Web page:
February 5, 2014
Primary Source Paper 1
Eric Foner argues, in Give Me Liberty, that former slaves' definition of freedom mirrored that of white Americans. In The Souls of Black Folk, the author, W. E. B. De Bois supports this argument. De Bois says blacks just wanted to be treated the same as the white man. They wanted to be accepted into society, instead of discriminated against because of the color of their skin. De Bois states, “The problem of the twentieth century is the problem of the color line.”1 De Bois goes on to say this is the problem that caused the Civil War. De Bois explains, “Negro slavery was the real cause of the problem.”2
In The Souls of Black Folk, W. E. B. De Bois refers to the idea of freedom as, “The equality in political, industrial, and social life which modern men must have in order to live, is not to be confounded with sameness.” “Freedom, too, the long-sought, we still seek,-the freedom of life and limb, the freedom to work and think, the freedom to love and aspire. Work, culture, liberty,-all these we need.”3 This is De Bois’ definition of true freedom. Just because African Americans were freed men by law doesn’t mean they were actually free. They were still treated as if they were slaves.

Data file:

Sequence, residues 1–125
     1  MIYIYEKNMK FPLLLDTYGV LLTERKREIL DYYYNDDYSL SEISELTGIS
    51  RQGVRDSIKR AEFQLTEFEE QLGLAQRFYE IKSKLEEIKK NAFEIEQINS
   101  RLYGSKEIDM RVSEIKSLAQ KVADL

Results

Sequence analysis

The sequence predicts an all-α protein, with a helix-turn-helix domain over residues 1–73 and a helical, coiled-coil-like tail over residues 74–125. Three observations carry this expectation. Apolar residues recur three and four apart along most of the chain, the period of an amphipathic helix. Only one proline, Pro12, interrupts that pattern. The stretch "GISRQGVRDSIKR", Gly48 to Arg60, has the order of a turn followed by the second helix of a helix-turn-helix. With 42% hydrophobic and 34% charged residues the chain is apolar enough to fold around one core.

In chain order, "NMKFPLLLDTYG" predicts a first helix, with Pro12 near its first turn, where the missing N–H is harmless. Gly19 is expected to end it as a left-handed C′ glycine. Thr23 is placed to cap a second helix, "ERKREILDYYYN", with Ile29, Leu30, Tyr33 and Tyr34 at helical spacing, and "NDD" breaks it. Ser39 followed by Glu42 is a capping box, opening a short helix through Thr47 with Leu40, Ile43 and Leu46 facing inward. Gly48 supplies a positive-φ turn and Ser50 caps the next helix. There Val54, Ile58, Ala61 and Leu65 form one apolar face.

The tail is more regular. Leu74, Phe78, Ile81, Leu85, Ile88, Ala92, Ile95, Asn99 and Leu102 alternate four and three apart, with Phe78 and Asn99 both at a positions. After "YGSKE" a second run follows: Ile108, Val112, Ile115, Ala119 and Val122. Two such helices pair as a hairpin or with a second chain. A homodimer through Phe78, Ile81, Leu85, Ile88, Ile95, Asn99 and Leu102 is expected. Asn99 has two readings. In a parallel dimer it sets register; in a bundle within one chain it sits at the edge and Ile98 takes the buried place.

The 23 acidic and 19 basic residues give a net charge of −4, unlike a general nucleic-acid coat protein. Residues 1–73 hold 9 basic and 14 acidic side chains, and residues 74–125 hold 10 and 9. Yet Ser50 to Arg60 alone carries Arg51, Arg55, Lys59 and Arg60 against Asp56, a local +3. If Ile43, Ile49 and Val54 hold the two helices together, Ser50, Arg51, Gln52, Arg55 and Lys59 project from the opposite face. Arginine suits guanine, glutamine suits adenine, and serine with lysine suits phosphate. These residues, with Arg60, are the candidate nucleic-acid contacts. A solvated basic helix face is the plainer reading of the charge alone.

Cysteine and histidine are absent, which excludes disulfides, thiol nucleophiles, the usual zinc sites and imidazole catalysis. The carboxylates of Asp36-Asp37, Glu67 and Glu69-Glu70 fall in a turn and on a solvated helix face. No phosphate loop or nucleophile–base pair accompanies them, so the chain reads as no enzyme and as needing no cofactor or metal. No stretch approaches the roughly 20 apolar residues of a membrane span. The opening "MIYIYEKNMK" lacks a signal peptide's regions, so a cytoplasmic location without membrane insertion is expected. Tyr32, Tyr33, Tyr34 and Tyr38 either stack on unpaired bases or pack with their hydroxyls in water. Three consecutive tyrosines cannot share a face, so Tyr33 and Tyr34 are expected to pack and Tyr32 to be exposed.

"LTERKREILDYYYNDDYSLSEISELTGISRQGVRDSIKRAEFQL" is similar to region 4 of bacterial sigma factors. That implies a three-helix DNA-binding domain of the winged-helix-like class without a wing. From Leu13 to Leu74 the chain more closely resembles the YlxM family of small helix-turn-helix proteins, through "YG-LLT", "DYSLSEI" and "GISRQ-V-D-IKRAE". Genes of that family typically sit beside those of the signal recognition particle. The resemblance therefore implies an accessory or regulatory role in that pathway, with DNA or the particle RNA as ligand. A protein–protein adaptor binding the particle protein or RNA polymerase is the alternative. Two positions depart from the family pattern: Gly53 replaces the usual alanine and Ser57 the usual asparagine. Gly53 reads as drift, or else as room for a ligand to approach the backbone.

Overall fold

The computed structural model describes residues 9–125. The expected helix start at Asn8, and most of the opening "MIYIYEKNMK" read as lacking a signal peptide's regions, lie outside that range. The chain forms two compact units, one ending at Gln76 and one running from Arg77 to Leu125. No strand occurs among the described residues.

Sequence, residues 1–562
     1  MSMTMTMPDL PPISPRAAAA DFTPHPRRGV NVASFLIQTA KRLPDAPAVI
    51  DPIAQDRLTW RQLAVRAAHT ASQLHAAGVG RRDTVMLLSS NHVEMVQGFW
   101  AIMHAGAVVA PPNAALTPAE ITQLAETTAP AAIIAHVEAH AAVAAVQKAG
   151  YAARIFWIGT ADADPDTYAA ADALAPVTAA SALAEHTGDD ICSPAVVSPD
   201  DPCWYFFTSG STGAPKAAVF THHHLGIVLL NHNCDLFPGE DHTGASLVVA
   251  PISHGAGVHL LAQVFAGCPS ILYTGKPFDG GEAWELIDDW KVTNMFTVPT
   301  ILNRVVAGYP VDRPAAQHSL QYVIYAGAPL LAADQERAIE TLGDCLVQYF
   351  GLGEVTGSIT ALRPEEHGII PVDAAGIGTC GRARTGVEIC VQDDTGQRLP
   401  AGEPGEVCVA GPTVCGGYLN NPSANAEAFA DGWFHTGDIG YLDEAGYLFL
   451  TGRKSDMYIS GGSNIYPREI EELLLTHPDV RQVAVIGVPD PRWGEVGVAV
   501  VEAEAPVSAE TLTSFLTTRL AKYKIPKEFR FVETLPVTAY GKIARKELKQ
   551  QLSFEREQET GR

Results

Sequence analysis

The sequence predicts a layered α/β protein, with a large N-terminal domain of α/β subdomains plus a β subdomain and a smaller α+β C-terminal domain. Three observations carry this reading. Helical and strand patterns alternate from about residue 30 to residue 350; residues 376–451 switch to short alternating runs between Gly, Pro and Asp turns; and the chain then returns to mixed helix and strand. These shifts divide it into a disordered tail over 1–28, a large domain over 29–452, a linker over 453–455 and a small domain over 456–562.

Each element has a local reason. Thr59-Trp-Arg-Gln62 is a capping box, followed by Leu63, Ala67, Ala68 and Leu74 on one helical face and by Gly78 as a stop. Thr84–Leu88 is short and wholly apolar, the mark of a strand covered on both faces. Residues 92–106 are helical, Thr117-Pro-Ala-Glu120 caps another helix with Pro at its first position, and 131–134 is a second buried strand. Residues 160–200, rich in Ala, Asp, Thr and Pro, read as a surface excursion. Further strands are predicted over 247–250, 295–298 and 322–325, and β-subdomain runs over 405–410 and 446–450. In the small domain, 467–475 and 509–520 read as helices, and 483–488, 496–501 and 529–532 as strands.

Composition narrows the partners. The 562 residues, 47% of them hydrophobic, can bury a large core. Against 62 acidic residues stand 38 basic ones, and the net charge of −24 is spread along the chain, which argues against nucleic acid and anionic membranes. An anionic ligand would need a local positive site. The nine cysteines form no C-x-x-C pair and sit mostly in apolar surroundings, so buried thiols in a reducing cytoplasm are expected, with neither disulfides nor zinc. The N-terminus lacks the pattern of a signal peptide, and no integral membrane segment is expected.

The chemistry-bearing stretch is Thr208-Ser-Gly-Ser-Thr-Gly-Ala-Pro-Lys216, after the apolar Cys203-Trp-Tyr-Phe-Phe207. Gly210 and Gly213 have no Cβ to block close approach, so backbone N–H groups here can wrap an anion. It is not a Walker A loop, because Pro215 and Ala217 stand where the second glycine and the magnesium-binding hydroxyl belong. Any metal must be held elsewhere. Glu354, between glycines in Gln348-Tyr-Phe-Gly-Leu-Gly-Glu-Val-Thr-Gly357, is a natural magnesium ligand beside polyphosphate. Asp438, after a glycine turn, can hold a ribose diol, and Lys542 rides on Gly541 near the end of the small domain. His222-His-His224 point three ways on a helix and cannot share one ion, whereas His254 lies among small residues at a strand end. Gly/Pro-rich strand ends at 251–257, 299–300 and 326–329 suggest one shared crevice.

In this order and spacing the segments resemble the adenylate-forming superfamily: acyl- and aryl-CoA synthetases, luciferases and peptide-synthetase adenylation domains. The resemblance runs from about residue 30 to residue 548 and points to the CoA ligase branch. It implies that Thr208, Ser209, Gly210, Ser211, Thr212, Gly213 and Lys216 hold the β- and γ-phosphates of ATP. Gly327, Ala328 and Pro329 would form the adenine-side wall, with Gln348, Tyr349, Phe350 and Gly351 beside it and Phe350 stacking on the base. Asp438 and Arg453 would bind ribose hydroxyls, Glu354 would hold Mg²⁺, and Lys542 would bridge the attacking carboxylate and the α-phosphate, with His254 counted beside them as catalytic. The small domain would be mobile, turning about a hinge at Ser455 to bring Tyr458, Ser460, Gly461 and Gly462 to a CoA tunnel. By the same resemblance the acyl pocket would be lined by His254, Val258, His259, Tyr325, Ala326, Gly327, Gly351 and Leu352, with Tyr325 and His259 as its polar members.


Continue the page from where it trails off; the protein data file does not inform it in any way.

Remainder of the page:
Africans Americans faced many problems after being set free after the Emancipation Proclamation. They were freed men according to the law, but were they really free? They still faced the same racism and prosecution that they had before when they were slaves. They were still treated badly by the white man, as a second class. A black man couldn’t go to the same schools, ride on the same buses, or even drink out of the same drinking fountain as a white man. There were many double standards throughout society.4
In the text, De Bois refers to “The Veil”. He says every African American wears the veil. The Veil refers to three concepts. The first concept is the literal dark brown skin of African Americans which is the